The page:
House to Combine Three Bills

While keeping a close eye on developments in the Senate, House Democrats will have to reconcile differences among the three versions of the "tri-committee" health reform bill passed by the Ways & Means, Education & Labor, and Energy & Commerce Committees.

The House Rules Committee will have to meld the three committee bills together, along with any further amendments adopted by the Energy and Commerce Committee, which will resume its mark-up today (Wednesday, 9/23).  The House committees may also have to develop a reconciliation bill by October 15 if the Senate goes that route (see above). 

Health Reform Side-by-Side

Currently pending are three major health reform measures at various stages of development, as well as a set of principles laid out by the President in addressing Congress on September 9, 2009. 

  1. A tri-committee House plan (Ways & Means/Rangel, Energy & Commerce/Waxman, and Education and Labor/Miller).  
  2. A Senate HELP Committee Democratic plan (Kennedy-Dodd-Harkin) was voted out of committee on July 15, 2009.  HELP Committee Summary

  3. A plan released last week by Senate Finance Committee Chairman Max Baucus (D-MT)--and modified yesterday--based on bipartisan negotiations among the "Gang of Six" (Finance Committee Republican Chuck Grassley (IA); Budget Committee Chairman Kent Conrad (D-ND); Democratic Senator Jeff Bingaman (D-NM); Republican Senator Olympia Snowe (R-ME); and HELP Committee ranking Republican Mike Enzi (R-WY)).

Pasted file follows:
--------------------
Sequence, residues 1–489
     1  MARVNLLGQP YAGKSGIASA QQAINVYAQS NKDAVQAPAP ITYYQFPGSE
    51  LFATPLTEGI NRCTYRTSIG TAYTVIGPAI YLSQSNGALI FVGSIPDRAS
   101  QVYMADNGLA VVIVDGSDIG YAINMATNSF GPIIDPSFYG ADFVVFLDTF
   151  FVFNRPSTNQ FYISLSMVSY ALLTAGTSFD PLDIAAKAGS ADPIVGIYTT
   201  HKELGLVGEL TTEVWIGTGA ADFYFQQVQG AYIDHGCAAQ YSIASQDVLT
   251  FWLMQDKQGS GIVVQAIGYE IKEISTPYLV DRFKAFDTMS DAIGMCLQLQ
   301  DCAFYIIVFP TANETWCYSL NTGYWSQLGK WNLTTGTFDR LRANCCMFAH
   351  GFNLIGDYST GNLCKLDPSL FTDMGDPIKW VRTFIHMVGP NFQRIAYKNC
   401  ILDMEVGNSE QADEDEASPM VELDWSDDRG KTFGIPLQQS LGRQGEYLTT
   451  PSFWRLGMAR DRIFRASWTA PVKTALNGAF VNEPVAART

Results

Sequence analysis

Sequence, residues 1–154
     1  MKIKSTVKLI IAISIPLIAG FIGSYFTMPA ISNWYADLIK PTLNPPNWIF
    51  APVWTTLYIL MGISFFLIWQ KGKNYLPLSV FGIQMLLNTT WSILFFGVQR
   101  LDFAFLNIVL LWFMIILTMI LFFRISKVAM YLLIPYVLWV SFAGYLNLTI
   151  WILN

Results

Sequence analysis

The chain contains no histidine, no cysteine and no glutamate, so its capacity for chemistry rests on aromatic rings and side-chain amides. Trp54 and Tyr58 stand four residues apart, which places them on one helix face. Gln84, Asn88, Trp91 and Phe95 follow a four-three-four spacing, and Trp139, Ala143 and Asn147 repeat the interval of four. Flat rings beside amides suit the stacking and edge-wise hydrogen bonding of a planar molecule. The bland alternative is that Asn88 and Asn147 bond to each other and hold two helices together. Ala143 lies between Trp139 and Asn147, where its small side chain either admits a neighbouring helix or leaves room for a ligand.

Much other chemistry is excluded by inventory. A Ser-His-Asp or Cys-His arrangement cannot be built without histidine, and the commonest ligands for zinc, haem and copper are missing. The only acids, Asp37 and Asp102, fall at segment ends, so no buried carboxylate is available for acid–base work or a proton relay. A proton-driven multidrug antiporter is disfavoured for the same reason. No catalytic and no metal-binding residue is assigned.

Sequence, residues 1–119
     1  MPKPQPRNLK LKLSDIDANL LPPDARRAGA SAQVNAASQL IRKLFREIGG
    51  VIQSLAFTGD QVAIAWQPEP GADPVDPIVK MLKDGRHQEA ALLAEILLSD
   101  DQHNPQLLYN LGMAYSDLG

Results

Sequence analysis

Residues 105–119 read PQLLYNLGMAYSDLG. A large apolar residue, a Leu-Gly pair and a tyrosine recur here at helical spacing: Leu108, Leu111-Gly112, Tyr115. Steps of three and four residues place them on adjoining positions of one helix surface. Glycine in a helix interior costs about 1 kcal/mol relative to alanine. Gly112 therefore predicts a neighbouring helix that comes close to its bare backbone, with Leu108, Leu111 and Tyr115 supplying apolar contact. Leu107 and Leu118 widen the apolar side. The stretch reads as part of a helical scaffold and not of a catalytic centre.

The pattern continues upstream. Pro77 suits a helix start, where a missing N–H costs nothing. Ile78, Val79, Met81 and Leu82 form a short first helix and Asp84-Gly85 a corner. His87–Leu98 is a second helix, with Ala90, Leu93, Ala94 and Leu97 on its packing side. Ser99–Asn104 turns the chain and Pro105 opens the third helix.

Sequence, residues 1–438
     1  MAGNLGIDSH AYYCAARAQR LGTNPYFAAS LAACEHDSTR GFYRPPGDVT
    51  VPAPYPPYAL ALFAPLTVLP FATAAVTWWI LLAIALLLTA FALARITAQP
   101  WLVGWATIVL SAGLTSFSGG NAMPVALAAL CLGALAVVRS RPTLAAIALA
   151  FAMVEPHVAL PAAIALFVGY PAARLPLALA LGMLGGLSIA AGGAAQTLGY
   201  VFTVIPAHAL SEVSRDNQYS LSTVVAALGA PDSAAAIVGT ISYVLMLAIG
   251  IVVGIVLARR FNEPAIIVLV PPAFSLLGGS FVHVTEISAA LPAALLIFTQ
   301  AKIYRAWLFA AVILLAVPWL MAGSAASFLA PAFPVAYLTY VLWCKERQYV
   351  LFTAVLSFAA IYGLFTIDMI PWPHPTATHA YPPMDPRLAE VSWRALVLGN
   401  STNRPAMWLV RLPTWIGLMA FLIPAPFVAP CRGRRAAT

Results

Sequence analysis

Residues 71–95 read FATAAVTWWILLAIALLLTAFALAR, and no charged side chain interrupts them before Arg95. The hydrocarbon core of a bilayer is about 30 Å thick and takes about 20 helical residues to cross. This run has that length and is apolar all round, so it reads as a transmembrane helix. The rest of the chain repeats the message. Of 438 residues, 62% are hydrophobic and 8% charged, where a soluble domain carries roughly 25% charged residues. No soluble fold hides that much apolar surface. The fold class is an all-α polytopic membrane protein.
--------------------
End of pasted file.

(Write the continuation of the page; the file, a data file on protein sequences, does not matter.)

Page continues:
4. On September 9th in an address to a joint session of Congress, the President laid out a set of major principles for health reform.

Click here for a Concord Coalition side-by-side comparison of the three plans and the President's principles

The "Other" Major Budget Bill: Student Loan Reform

Last week, the House passed a major overhaul of the student loan system that would terminate the Federal Family Education Loan program (otherwise known as guaranteed student loans) and re-direct all loan activity into the direct student loan program.  This would result in substantial budgetary savings which would be invested in Pell Grants, lowering borrower interest rates, and other education programs. The bill, HR 3221, passed the House by a vote of 253-71.

Currently, the two programs -- direct student loans and guaranteed student loans (FFELs) -- operate side-by-side.  In FY 2009, the guaranteed student loan program administered about $64 billion in loans and the direct student loan program administered about $22 billion in loans.  Both programs offer the same varieties of repayment terms and low-interest loans.  They differ only with respect to the source of the loan funds--private lenders and the Federal government, respectively.  (Since they are loan programs, the actual federal budgetary costs are limited to administrative costs, fees, and anticipated defaults.)